Good Offices Program

Table of Contents

  1. When can a LREDA Good Officer help?
  2. What does a Good Officer do?
  3. What makes a good Good Officer?
  4. Good Officer Job Description
  5. Funding
  6. Good Offices Grievance Procedure
  7. Appendix - Resources and Where to Find Them

Religious educators have specific needs to be met if they are to function well as religious professionals and to integrate that role with a healthy personal life. Members of the congregation come to them with personal problems; it is not appropriate to take their problems to the congregation. Religious educators need the support of each other and, at times, some special support. LREDA Good Officers can help provide this support.

Good Officers are available in most Unitarian Universalist districts around the continent. Any one of these people is available to help. A LREDA member may select a particular Good Officer because of proximity, acquaintance, or her or his particular personal experience as a religious educator. The role of these Good Officers is to help LREDA members with professional problems and concerns. The LREDA Board appoints and supports training for the Good Officers upon recommendation from the Board members for Professional Concerns.

When can a LREDA Good Officer help?

• Before a congregation-related issue gets out of hand, i.e., in conflicts over contracts, lines of authority, unfulfilled agreements, collegial relationships, etc., when talking things over early in a conflict may resolve the situation without further steps.
• When conflict has escalated, but the various parties are willing to engage in mediated dialogue.
• When serious polarization has occurred and the Grievance Procedure needs to be invoked (see end of this section).

What does a Good Officer do?

A. Informs the local LREDA Chapter members of Good Offices services.
B. On the arrival of a colleague to a new position, on the acceptance of a colleague into LREDA, or when a retired member moves into the area, the Good Officer welcomes them, including a note about the availability of Good Offices services.
C. In the event of personal crisis where one-to-one counseling is needed, the Good Officer identifies an appropriate LREDA member or a skilled and trusted minister or lay person in the area, contacts that person, and asks that s/he initiate a call to the person in crisis.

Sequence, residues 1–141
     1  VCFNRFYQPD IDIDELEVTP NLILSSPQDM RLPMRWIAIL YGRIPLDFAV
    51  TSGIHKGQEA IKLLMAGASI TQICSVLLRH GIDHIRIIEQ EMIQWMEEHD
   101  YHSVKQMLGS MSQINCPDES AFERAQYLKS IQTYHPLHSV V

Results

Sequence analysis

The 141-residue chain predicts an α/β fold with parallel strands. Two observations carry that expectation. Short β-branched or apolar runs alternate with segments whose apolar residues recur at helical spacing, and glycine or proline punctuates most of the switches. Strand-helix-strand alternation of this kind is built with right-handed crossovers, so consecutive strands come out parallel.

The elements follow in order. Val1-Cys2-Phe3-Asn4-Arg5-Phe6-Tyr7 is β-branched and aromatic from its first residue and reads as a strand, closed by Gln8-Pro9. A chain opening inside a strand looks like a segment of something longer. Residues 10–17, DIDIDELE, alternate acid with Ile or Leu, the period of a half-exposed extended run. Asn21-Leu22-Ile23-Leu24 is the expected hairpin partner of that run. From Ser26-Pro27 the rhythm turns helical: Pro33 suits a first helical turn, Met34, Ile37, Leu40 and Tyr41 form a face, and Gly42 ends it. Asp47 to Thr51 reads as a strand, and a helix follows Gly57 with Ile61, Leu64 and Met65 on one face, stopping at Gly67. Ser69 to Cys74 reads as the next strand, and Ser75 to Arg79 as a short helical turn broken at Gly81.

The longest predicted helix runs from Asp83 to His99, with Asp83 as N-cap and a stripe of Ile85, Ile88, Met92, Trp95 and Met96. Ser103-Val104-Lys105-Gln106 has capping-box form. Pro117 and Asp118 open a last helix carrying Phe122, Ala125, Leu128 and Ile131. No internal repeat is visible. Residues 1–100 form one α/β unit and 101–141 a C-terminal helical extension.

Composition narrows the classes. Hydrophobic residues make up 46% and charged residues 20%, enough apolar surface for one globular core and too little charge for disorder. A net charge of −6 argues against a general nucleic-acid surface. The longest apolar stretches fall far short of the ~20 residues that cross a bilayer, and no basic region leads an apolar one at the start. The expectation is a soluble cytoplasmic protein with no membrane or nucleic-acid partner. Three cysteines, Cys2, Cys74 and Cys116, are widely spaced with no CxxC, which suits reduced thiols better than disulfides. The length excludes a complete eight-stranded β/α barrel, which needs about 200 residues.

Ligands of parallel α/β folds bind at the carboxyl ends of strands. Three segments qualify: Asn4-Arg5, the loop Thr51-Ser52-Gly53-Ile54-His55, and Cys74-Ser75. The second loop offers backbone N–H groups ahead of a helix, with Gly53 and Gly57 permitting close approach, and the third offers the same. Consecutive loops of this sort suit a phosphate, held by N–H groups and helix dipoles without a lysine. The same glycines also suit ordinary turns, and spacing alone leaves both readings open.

D. In a problem situation between a LREDA member and her/his parish minister or congregation, the Good Officer:
1. gathers information from the LREDA member
2. listens sympathetically and counsels the LREDA member
3. develops a process of mutual communication among the LREDA member, the parish minister, and appropriate congregational representatives
4. helps to identify underlying reasons for the difficulty and suggests mutually beneficial solutions
5. considers the following question:
What were the expectations in terms of roles and relationships?
What hasn't worked satisfactorily?
What does each person feel has been an obstacle?
Are the expectations reasonable?
Can any of the blocks to a solution be removed?
6. follows the Grievance Procedure if such processes are ineffective.
E. In a conflict situation between a LREDA member and a parish minister, the LREDA Good Officer invites the two parties to meet with her/him and a UUMA Good Officer chosen by the parish minister. If the situation has become polarized, the LREDA Good Officer will consult with a LREDA Board member for Professional Concerns.

What makes a good Good Officer?

  • strict adherence to confidentiality
  • the ability to separate one's own ego needs from the role of Good Officer
  • awareness that listening and counseling come before mediating and advocacy
  • knowing when to refer someone to professional help
  • the trust and confidence of colleagues
  • both empathy and objectivity
  • considerable experience as a religious educator in parish settings
  • training and experience in counseling
  • training in conflict resolution
  • familiarity with the UUMA and LREDA Codes of Professional Practice
  • access to good sources of information, such as the Office of Church Staff Finances and The RE Staffing Guide
  • the ability to move between the roles of mediator and advocate for the profession of religious education

Good Officer Job Description

The qualifications and expectations for Good Officers:

LREDA Good Officers must have:
1. Trust of colleagues and chapter members.
2. Experience as a religious educator - 5 years or more.
3. Willingness and ability to attend annual Good Offices training prior to GA.
4. Membership in LREDA in good standing:
a. "active" or "honorary life" member;